Carpal tunnel syndrome, or CTS, is a very common health complaint in our society. While it is generally believed to be associated with the overuse of the wrist joint in any repetitive motion, especially while typing or using a computer, it can also be caused by rheumatoid arthritis, diabetes, hypothyroidism, or edema. So if it has all these contributing factors, what exactly is CTS?
The carpal tunnel itself is an anatomical area of the wrist. Look at your wrist with the palm facing up. When you flex your fingers towards the floor you can see the tendons in your wrist become tight. These tendons, and more you can’t see, attach to your fingers and the other small bones in your hand, so that you have the ability to flex and extend them, moving them up and down.
The area called the carpal tunnel is made up of the small bones of the hand, arranged along the bottom and sides of the “tunnel” and then a major ligament, the transverse carpal ligament, forms the top. Within this tunnel run the tendons for your fingers, plus arteries and veins. The most important part that runs within it is the median nerve. This nerve provides most of the sensation in your hand as well as conducts the nerve signals from your brain that tell it how and when to move. So now back to the idea of overuse. Any tendon can become inflamed when overused, like tennis elbow for example. Inflammation includes swelling. Swelling in the carpal tunnel, which isn’t a large space, quickly presses on the median nerve, causing excruciating pain. You don’t want to use that hand because it hurts but not many of us can get thru a day without having to use our hands!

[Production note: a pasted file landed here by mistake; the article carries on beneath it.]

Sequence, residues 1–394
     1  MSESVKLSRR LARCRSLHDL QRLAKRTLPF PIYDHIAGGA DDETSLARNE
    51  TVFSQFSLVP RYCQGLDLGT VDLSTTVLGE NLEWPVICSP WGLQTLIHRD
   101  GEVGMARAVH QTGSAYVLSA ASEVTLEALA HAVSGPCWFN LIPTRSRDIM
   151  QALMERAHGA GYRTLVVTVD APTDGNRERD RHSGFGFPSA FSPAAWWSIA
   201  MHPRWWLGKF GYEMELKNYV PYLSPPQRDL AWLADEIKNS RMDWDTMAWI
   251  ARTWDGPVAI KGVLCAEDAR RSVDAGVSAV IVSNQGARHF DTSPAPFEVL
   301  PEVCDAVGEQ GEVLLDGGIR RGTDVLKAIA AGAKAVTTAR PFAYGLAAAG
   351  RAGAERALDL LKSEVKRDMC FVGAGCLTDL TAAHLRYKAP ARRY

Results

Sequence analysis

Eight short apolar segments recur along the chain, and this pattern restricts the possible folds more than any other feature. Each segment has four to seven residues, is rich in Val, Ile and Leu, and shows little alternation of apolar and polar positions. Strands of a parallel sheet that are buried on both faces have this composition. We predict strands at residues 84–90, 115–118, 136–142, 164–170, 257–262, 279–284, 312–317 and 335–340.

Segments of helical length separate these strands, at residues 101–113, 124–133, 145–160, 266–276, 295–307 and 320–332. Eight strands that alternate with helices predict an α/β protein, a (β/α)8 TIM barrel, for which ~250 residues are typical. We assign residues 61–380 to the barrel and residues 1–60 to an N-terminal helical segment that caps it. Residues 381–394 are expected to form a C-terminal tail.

Treatment options, from a traditional Western medical point of view, include a wrist splint to help immobilize the wrist and give it a chance to rest, shots of vitamin B or cortisone, and pain killers. Ergonomic solutions, especially for using a keyboard, are also recommended and then, as a last resort, surgery may be the only way to relieve the pressure in the carpal tunnel. In the case of disease, the primary condition would have to be relieved first, in the hopes that it would help the carpal tunnel.
Acupuncture can definitely be used to relieve pain from CTS. Several studies have shown this is an effective way to manage and even eliminate this problem. From a Chinese medical point of view CTS is simply Qi (energy) and Blood stagnation in the joint. If you are having CTS secondary to RA or diabetes or hypothyroidism, then we can work on both the immediate pain in your wrist as well as the underlying health problem that causes it. The advantage to using acupuncture for CTS is that you will generally have relief faster than with conventional approaches while also not subjecting yourself to the side effects of any medications. Significant improvement can generally be expected within 4 treatments.